Achiote


Achiote


(photo courtesy of Leonardo Aguiar. Originally uploaded to Flickr as Urucum (bixa orellana) seeds)

From Privilege: Cooking in the Caribbean for men only (and for women who care)

Achiote (Annatto)

Rusty-red dried seed used primarily to colour cooking oil, also lend delicate flavour – no substitute.

It was January of ’07 when someone left a comment on this site asking what that odd fruit in the lower right hand corner of the Naparima Girls’ Cookbook was. Puzzled, and a little embarassed that I had never noticed it, I quickly got to work trying to find the answer. Fortunately, it was another reader who provided the answer.

Excerpt from the discussion that ensued:

The fruit that is Annato/ Achiote on the new Naparima Cookbook is also known by the common name of Okhcoo( hope I spelt it correctly). It is used to make/give the red colouring which many trini cooks of long ago could not make stewed fish without. And by my Mom always in her salted fish with ochroes and conrmeal dumplings steamed in coconut milk.
It is a big tree and usually when the pods are ready if they are not harvested on time there would be a red spotted carpet of dirt or grass under the tree.

Shortly after receiving this information I made a trip to the Port of Spain General Market and found a bottle of the stuff being sold by a local vendor who called it urucu (shown above). Excited I snatched it up and used it shortly after in a paella. Although it gave good colour, I could not discern any particular flavour that was imparted. To be fair the mixture was very liquidy and I wonder if maybe I literally got ‘watered down’ product. Annatto/achiote is such a fundamental base in Latin American cuisine that I find it hard to believe that this is what all the hype has been about. Especially, as I have very vivid memories of the vibrant flavours of the paellas in Venezuala. I think I may need to try another bottle of the stuff, this time purchased from a specialty store or something of the like. If anyone who is locally based knows a good source feel free to give me your recommendation :)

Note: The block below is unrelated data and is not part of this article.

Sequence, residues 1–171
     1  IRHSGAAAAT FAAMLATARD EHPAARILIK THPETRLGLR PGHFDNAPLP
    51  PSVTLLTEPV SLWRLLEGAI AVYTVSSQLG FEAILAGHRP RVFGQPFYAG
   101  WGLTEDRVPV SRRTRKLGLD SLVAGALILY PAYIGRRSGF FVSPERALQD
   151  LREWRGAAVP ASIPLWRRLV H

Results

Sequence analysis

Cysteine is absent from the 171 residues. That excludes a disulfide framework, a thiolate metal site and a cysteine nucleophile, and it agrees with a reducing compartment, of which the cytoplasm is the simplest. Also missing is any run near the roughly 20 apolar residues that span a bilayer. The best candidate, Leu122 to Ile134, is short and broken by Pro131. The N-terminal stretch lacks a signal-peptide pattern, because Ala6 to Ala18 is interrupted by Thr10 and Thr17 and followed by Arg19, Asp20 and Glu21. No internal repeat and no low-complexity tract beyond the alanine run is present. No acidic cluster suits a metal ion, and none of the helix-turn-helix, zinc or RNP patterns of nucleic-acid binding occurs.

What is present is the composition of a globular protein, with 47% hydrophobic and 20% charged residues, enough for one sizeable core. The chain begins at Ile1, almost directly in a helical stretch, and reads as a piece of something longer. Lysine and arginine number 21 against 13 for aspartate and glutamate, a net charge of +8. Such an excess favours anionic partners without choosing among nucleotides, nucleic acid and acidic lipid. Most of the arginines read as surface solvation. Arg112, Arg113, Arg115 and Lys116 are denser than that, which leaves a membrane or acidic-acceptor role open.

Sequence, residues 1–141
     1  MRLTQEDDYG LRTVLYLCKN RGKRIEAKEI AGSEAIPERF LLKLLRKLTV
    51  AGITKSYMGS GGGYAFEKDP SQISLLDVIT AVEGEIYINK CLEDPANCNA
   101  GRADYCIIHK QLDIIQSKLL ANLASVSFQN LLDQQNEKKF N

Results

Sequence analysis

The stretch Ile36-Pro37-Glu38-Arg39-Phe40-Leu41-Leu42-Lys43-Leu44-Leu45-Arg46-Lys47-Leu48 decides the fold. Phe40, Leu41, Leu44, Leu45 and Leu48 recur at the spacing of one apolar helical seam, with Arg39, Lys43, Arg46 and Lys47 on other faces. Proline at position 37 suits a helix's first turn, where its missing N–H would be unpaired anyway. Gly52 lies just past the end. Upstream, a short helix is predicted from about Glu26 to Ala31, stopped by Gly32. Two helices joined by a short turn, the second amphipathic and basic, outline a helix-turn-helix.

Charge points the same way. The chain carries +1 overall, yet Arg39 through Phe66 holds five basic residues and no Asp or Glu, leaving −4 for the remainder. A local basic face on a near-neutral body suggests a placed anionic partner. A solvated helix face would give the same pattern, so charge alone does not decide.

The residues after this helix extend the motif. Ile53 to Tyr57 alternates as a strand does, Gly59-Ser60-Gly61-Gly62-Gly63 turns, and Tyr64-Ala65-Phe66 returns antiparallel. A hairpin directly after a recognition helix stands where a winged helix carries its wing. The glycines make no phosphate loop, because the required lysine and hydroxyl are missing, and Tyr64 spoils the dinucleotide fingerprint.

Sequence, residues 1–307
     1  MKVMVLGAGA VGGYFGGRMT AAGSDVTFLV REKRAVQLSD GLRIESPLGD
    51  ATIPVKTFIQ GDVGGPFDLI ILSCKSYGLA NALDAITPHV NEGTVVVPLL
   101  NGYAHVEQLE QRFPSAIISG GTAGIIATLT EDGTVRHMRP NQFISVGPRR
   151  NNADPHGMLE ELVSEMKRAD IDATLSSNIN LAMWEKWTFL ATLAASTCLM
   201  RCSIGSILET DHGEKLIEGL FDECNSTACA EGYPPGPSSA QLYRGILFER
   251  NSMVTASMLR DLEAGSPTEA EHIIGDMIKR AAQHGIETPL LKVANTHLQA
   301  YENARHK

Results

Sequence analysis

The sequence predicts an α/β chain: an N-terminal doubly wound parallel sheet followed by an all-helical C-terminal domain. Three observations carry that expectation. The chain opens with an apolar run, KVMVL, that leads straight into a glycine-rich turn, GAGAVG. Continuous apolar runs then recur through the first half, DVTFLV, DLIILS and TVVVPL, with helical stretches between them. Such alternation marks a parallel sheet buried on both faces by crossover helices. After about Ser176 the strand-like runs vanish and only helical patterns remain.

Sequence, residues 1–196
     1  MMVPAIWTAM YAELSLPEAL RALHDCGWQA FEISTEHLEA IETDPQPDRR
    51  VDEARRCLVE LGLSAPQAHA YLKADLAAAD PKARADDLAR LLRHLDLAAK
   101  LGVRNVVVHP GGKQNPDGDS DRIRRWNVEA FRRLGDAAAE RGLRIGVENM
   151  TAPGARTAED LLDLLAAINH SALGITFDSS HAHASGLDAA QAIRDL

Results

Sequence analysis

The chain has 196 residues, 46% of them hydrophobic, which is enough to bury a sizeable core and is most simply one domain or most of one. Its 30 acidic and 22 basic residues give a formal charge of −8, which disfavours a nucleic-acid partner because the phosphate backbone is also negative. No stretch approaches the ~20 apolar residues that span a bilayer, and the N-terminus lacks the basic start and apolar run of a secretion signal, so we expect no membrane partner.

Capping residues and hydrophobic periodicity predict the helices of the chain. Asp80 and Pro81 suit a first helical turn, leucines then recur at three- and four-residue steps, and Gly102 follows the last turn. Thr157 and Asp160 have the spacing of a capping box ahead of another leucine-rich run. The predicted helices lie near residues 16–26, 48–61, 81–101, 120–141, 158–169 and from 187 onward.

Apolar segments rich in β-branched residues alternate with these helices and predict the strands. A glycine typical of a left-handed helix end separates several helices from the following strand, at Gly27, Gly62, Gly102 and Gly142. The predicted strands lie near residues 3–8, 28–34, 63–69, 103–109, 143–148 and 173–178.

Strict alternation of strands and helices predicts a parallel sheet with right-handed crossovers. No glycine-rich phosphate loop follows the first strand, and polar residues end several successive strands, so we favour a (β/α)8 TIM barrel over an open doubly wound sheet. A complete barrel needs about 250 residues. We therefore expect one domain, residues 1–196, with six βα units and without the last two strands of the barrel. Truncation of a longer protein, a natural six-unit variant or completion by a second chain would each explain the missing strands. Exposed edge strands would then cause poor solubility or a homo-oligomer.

Hmm, I really should get around to posting that Market picture series though, I can’t believe it’s been almost two years! Oh well, at least on film food never rots :lol:

Want to know more about achiote and its uses? Check out the following:

Achiote (Wikipedia)

Note: This entry has been submitted to Weekend Herb Blogging, hosted this week by Gretchen from Canela & Comino

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Passionate foodie, founder of Trinigourmet and Caribbean Lifestyle Maven. Author of "Glam By Request: 30+ Easy Caribbean Recipes"

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  • http://canelaycomino.blogspot.com Gretchen Noelle

    Wonderful entry! Please be sure to email me all the info so I can include this in the round-up!

  • http://canelaycomino.blogspot.com Gretchen Noelle

    Wonderful entry! Please be sure to email me all the info so I can include this in the round-up!

  • http://nyamfood.blogspot.com Anaylli